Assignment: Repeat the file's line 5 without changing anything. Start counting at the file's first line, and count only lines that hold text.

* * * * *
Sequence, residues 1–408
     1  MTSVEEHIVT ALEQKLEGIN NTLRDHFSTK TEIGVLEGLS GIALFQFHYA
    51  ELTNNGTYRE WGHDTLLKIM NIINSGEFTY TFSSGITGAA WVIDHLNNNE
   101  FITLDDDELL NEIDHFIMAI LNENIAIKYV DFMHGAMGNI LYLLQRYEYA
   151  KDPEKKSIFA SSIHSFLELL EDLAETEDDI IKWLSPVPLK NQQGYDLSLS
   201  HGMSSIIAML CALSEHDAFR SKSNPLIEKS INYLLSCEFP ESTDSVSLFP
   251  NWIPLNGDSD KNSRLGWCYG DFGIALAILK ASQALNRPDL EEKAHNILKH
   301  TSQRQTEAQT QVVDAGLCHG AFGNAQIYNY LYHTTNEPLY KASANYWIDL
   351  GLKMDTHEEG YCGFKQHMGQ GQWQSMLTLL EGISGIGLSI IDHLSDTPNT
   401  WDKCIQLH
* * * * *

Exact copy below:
   151  KDPEKKSIFA SSIHSFLELL EDLAETEDDI IKWLSPVPLK NQQGYDLSLS